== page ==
The emotional response to ordinary peoples’ welfare and the exposure of the hard realities of life increased concern among the Government and the Beveridge committee. It is clear that Beveridge’s views made a widespread contribution to the creation of the welfare state but the report went much further than just Beveridge. Other wider war-time movements were afoot; the collectivist impulse brought out by the war, exposure of poverty, changes in neo-liberal economic values and the growing influence of the labour party all compounded in the publication and reception of the Beveridge report and eventual inauguration of the welfare state.
The Second World War acted as a catalyst to the emergence of the welfare state. The war effort caused a rational and moral reaction. This penetrated into the politics, economics and governance thinking of the time. The universalistic social policies built up during the war acted as the building blocks of a future post-war welfare state. While the labour party supported and fought for social policies it was not a policy aim born with them. Like in any democratic state, Labour was positively manipulated by the population into accepting the peoples’ wishes of a better Britain after the war.
Beveridge acted as one of the foundations of a future welfare state though not its chief architect. His report did not determine but characterised British feeling and the ordinary man’s consciousness. It is debateable whether his report would ever have gained the media coverage or discussion if it had not been for the collectivist impulse occurring in the country. It was the British people who should be given their due for a very British welfare state. The war applied the shock through exposure of underdeveloped areas and the people responded.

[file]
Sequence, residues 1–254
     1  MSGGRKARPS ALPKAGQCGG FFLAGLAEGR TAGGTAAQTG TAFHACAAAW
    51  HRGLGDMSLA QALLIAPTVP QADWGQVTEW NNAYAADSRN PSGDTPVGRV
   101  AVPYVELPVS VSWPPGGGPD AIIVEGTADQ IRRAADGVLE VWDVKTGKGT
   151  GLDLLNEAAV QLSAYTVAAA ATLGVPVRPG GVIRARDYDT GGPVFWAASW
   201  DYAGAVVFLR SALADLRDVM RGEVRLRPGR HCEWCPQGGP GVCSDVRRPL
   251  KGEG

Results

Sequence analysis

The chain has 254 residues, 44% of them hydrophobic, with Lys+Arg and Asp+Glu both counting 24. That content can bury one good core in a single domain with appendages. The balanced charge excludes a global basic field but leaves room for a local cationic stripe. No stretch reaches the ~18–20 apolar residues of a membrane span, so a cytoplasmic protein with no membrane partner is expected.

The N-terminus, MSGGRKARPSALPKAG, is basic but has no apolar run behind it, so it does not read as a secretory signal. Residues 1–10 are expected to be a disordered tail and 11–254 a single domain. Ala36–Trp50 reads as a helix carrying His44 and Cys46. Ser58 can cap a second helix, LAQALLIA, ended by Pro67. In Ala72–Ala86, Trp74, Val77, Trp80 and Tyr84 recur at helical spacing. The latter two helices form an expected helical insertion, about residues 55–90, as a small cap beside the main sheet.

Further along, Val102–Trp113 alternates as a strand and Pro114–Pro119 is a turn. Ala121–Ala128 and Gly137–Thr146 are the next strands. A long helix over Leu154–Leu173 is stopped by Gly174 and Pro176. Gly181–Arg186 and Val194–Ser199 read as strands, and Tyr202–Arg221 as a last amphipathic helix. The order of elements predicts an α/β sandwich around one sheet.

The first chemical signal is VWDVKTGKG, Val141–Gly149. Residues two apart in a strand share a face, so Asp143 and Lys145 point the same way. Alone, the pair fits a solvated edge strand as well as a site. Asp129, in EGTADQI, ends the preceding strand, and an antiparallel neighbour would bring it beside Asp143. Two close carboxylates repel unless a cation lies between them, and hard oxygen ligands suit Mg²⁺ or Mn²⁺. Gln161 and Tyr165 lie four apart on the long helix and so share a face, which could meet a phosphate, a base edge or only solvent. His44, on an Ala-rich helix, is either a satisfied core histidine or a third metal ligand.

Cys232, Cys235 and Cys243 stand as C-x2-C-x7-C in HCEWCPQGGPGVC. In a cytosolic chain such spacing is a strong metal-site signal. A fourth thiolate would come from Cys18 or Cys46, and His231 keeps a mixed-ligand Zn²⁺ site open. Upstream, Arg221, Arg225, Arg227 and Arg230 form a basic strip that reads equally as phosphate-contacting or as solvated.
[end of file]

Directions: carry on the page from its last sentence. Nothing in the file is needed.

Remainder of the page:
It was the war and the aspirations for a welfare state in the country that caused a domino effect – in the rest of the country; a rise in knowledge of social policies and anticipated response from those in power, the rise of the labour party and the induction of the Beveridge report. In conclusion the emergence of a universal and collectivist British society due to the effects of the war was the main factor towards the creation of a welfare state. This is because its effect was widespread and caused a chain reaction in the political, economic and social dynamics of the country growing into a will and need for a welfare state.